An incredible new finding deep in a cave in Eastern Europe could totally change the future of anthropology.
Scientists were blown away by something they just found in a cave in Croatia, and it’s finding that could change the future of archaeology and anthropology itself. Researchers discovered genetic material trapped in sediment samples collected form archaeological sites that didn’t even have bones, allowing us a new way to find the presence of extinct humans without the need to discover a skeleton.
It’s a big find because it could help us learn more about ancient humans, who we would only be able to study via the artifacts they left behind before. Now, we can find details about their existence, including what kind of humans they were and their genetic information, without finding things we typically rely on like bones from their skeletons.
The findings were published in the journal Science and could represent a breakthough as we seek to crack the code of human history and learn more about how we evolved.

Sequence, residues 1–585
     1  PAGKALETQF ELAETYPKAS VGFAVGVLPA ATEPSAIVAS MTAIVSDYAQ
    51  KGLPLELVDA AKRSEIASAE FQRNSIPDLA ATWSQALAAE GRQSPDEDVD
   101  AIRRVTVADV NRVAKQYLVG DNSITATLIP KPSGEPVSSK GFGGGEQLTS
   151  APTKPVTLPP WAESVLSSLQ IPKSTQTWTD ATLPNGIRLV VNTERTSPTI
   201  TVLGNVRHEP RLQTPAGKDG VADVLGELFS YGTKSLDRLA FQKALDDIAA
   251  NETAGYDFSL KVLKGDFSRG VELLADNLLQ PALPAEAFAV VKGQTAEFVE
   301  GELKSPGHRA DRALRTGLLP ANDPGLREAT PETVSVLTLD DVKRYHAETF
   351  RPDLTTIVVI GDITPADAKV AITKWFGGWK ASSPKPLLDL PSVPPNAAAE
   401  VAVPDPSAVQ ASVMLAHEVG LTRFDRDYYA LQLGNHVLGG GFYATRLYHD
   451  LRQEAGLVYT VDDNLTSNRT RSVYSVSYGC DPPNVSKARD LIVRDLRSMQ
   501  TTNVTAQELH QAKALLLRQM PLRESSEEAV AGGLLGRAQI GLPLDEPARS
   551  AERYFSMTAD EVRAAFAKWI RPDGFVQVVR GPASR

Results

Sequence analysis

“While there are numerous prehistoric sites in Europe and Asia that contain tools and other human-made artefacts, skeletal remains of ancient humans are scarce,” the statement from Max-Planck-Gesellschaft reads. “Researchers of the Max Planck Institute for Evolutionary Anthropology in Leipzig, Germany, have therefore looked into new ways to get hold of ancient human DNA. From sediment samples collected at seven archaeological sites, the researchers “fished out” tiny DNA fragments that had once belonged to a variety of mammals, including our extinct human relatives. They retrieved DNA from Neandertals in cave sediments of four archaeological sites, also in layers where no hominin skeletal remains have been discovered. In addition, they found Denisovan DNA in sediments from Denisova Cave in Russia. These new developments now enable researchers to uncover the genetic affiliations of the former inhabitants of many archaeological sites which do not yield human remains.”